Kids and Cooking: A Good Combo

kids and cookingIs cooking fun? Maybe you think it's work, but kids see things differently. A 3-5 year old can get a big kick out of peeling or cracking eggs, scraping carrots, smearing butter on toast, decorating a pizza with toppings, stirring cheese into macaroni, or building a sandwich.  Supervised chopping and cutting is also an enjoyable challenge for a young youngster. And as the years advance, hopefully the child who has had pleasant experiences with cooking will move on to making one dish independently and then, in the teen years, preparing a whole meal for the family.  How can you get kids interested in cooking?  Why should you?  This article answers both questions.


I can't claim that this idea is new or that it originated with me, but it's such a good one that it's worth repeating: get kids into the kitchen and provide opportunities, encouragement, and praise for their cooking (or assisting). Kids gain a lot from cooking. It's an academic strengthener—they learn new reading skills, vocabulary, and measurements (math skills). They have fun with and bond with the adult that's helping, supervising, and teaching. Moreover, children get a sense of accomplishment from cooking something on their own, even something as simple as spaghetti or chocolate pudding.   They'll thank you later if you help them develop food preparation skills that serve them well in their adult lives.  (Take it from one who, as a new bride, didn't even know how to make mashed potatoes.  My mom was a great cook, but never a cooking teacher.)


Remember, knowledge is power.  Cooking skills can be a great asset and the lack of them can be humiliating. The new kid on the block may make friends by inviting some classmates to his house and impressing them by serving his homemade ice cream.  A teenager I know would have avoided being laughed at if, when she was preparing dinner for her family, she'd known that broiled lamb chops need to be turned over to cook both sides. 


Convinced?  Here are some suggestions for getting the children in your life (your siblings, your kids, your grandkids, your nieces and nephews. or neighbors' kids) interested in sharing meal or snack preparation with you. Important: This goes for boys, too! They also eat. Remind them that most of the world's famous chefs are men.


1) Teach them to cook some food that you (or someone else) has made for them and that they loved. 


2) Encourage them to make cookies or a cake for a crowd--perhaps their own birthday party or a holiday meal with the extended family. That will give them bragging rights.  You might even post (on Facebook, for example) photos of their beautiful edible products to highlight culinary achievements.  My granddaughter's Cookie Monster cupcakes were so displayed.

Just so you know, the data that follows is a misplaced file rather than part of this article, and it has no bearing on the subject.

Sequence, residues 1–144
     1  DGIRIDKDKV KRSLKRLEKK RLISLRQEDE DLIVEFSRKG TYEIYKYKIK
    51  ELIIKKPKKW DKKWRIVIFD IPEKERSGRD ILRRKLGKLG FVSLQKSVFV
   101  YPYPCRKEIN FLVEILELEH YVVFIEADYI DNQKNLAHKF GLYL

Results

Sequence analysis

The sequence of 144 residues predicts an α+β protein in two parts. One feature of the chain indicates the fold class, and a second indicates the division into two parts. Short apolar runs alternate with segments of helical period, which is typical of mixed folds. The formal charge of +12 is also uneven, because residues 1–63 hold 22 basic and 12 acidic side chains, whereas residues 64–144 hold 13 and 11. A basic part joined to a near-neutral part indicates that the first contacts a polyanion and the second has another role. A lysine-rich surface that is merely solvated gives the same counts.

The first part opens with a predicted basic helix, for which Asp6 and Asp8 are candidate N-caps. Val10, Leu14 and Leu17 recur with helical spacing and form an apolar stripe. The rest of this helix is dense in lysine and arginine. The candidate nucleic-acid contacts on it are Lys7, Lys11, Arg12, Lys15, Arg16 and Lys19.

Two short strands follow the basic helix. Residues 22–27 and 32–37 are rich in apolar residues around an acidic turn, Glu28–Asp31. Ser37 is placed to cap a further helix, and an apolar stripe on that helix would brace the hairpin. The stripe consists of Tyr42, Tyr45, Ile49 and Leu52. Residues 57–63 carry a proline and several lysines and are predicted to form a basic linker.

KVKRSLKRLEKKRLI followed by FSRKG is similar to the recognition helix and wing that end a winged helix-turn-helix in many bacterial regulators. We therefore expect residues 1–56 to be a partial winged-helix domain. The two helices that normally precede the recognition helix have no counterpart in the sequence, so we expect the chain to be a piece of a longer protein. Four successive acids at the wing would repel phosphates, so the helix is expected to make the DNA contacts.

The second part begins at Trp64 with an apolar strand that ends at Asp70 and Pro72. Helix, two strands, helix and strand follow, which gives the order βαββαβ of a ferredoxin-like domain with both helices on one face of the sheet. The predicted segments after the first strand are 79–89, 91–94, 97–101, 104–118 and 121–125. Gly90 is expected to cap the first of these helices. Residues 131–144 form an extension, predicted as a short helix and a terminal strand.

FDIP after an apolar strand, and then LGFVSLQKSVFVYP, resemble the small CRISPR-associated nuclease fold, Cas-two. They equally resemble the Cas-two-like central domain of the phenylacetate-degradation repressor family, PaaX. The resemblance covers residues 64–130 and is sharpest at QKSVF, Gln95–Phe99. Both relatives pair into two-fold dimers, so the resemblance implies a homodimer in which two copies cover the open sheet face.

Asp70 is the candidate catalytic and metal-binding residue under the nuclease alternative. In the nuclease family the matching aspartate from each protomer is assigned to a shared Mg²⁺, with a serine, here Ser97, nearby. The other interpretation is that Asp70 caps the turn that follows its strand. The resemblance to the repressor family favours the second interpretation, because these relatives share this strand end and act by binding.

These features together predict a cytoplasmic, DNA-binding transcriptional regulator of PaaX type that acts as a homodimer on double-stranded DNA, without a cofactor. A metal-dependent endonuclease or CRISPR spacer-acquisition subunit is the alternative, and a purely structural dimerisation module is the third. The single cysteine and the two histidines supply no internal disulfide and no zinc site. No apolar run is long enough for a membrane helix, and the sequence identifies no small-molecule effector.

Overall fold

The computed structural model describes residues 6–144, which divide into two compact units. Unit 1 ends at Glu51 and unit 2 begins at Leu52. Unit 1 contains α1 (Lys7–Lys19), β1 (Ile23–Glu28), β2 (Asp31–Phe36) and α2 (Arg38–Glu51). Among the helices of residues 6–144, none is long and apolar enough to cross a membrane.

3) Get your pupil an apron (a cool one), pot holder, and perhaps, if you want to go all the way, a chef's hat.  Along with the outfit, you might even provide a suitable title--perhaps "assistant chef "or "second kitchen boss."


4) Give them a cookbook created for kids. (Some will be listed later in this piece.)  Let them choose from it what they want to cook.


5) Check online for recipes for kids or encourage your pupil(s) to do this. 


6) As you and your pupil(s) proceed, teach where things are kept in the kitchen and what safety measures must be followed regarding the use of blades, proper food handling to avoid contamination, and care to avoid getting burned by flames, appliances, or hot food.


7) By the time they're in their early teens or even younger, kids can benefit from at least one lesson in proper grocery shopping. Point out food expiration dates and labeling that lists salt and sugar content. Young shoppers should also be reminded to notice prices and compare prices of different brands. And they should be shown how to select produce that's in good condition and likely to be ripe when they want to consume it.  More shopping tips can be added on later trips as they shop for specific ingredients for foods they want to cook themselves. 


6) If you don't have the time or temperament to be a teacher, find a kids' cooking class at a local Y or college or university extension program, and offer to sign them up. Don't insist. The idea, once proposed, might take hold months or even years later.